your go-to, although de­sign­ers flirted with even longer, an­kle-graz­ing lengths (a lovely flat-shoe friendly op­tion for evenings). there are minis, too — at Saint Lau­rent and Bal­main, for starters — and at some point, be­cause this is the way of the world, they’ll swing back into full ac­tion. But for now, longer feels most con­tem­po­rary, even if it leads us into a quag­mire of shoe quan­daries. Feel free to shout me down, but I don’t think a very long, sweepy hem­line looks good with a spindly heeled pump. For one, it doesn’t send out the right kind of style sig­nal. this isn’t about be­ing Princess Tip­py­toes but about tap­ping into that care­free ’70s new-dawn-of-fem­i­nism vibe. Chloé’s lace-up Vic­to­rian-slash-cow­girl boot (there’s an in­ter­est­ing mashup) has the ideal de­gree of off-kil­ter elegance. Boots may be your new footwear sta­ple: knee-high and taller for when you’re wear­ing some­thing slashed; shin-length for midis; and an­kle boots for pants.

Speak­ing of pants, they’re longer too this sea­son.and high-waisted — but not so high that you can feel the zip­per dig­ging into your breast­bone, yet suf­fi­ciently raised to tuck in a blouse and have it stay there all day, and high enough to make your legs look longer.the cropped an­kle is still rel­e­vant, but a sub­tle floor-skim­ming flare looks new­est. And now for a tip: the way to re­tain your san­ity is for your clothes not to swish on the ground — that’s just dis­gust­ing — but to hover a cou­ple of barely per­cep­ti­ble notches above. tory Burch, whose height is in in­verse pro­por­tion to her busi­ness acu­men, prefers to wear her pants with huge plat­forms or wedges, but you don’t see all that. You just see Tory look­ing in­cred­i­bly wil­lowy. This, my friends, is what we call fashion stilts.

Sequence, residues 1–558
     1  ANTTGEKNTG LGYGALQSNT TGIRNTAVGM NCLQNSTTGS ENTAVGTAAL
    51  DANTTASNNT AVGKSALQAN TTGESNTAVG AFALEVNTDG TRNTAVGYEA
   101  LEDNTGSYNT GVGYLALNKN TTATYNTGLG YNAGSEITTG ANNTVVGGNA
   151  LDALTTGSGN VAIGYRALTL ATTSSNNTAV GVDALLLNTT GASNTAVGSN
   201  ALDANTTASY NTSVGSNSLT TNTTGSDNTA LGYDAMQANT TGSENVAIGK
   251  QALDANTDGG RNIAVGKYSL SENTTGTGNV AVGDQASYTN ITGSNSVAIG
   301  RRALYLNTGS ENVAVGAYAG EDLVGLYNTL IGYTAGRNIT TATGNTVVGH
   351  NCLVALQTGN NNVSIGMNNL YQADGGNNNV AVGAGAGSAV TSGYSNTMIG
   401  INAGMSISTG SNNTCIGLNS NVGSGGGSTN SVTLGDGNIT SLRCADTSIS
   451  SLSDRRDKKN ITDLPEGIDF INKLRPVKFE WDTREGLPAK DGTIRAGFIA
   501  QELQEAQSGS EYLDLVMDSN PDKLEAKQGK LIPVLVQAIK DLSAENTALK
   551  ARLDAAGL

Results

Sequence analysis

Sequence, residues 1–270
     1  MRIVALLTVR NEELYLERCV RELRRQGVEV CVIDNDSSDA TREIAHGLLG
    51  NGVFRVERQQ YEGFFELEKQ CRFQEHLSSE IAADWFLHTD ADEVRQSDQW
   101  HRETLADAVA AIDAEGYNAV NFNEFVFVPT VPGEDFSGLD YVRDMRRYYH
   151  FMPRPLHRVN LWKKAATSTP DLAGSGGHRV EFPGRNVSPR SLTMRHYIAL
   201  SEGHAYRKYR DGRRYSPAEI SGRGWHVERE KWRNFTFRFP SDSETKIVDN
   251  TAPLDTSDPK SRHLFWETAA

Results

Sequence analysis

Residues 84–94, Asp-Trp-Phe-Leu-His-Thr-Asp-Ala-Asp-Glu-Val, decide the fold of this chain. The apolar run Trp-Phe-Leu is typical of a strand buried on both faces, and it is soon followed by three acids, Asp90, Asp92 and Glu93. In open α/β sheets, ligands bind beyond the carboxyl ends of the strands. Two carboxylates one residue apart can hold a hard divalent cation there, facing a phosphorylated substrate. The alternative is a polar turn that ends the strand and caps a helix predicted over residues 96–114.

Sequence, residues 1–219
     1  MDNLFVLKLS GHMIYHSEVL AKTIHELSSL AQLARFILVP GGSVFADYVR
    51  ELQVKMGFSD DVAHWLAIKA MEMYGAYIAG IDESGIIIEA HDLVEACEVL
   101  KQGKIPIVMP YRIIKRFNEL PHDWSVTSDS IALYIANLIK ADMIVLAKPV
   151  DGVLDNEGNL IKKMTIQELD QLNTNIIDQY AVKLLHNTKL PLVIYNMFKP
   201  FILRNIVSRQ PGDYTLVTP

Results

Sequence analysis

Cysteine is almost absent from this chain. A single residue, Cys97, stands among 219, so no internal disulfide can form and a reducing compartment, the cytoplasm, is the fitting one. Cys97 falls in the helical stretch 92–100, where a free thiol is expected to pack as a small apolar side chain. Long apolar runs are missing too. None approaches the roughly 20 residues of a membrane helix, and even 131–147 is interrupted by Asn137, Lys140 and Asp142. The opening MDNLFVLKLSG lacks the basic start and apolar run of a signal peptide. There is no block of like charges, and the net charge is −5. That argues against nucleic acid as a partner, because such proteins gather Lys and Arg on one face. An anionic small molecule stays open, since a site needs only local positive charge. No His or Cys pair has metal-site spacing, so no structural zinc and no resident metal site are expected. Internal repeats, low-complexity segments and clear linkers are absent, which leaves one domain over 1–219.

Don’t get the wrong idea. Pants may flare and skirts gen­tly swirl, but the su­per­sized pro­por­tions at Ba­len­ci­aga, Miu Miu and Junya Watan­abe are, for the most part, out­liers. Sure, Ba­len­ci­aga’s triple-layer du­vet parkas and opera coats were in­spir­ingly con­structed and in­trigu­ing to be­hold, as well as ex­pres­sive of a post-apoc­a­lyp­tic clothes-as-ar­mour sen­ti­ment that was ar­tic­u­lated at other houses, most no­tably Prada and Calvin Klein. But the main story, shape­wise, is fit and flare. Do you know how uni­ver­sally flat­ter­ing this sil­hou­ette is? How end­lessly adapt­able? Even if Mick Jagger has big­ger boobs than you, you can make the new sil­hou­ette work. In fact, if you re­call (younger read­ers, google this), the true ’70s spirit was not about chan­nelling a Kar­dashian. Back then, the flat­ter you were, the bet­ter be­cause, let’s face it, you’d al­ready burnt your bra.

De­sign­ers are nur­tur­ing sep­a­rates again, and not a mo­ment too soon be­cause — hello, ver­sa­til­ity! At Jac­que­mus (the fashion ed­i­tor’s lat­est crush), de­signer Si­mon Porte Jac­que­mus plays for high stakes with his sep­a­rates, go­ing for clas­sics with sub­tly de­viant qual­i­ties (twisted cot­ton shirts, un­ex­pected peek­a­boo slashes on skirts) and strong but not out­landish colour con­trasts — saf­fron and cobalt, for in­stance, or but­ter­milk and white.at Jil Sander, cre­ative di­rec­tors Luke and Lu­cie Meier are do­ing lus­cious things with a pared­back sen­si­bil­ity. Think more sep­a­rates, gen­tly curv­ing sin­gle-breasted jack­ets and pants in del­i­cate shades of ivory and white with star­tling jolts of sap­phire and laven­der, and the oc­ca­sional blurry flo­ral print. The bot­tom line: there are no bi­nary choices in fashion any­more. that may be the big­gest story of all.

Newspapers in English

Newspapers from Australia

© PressReader. All rights reserved.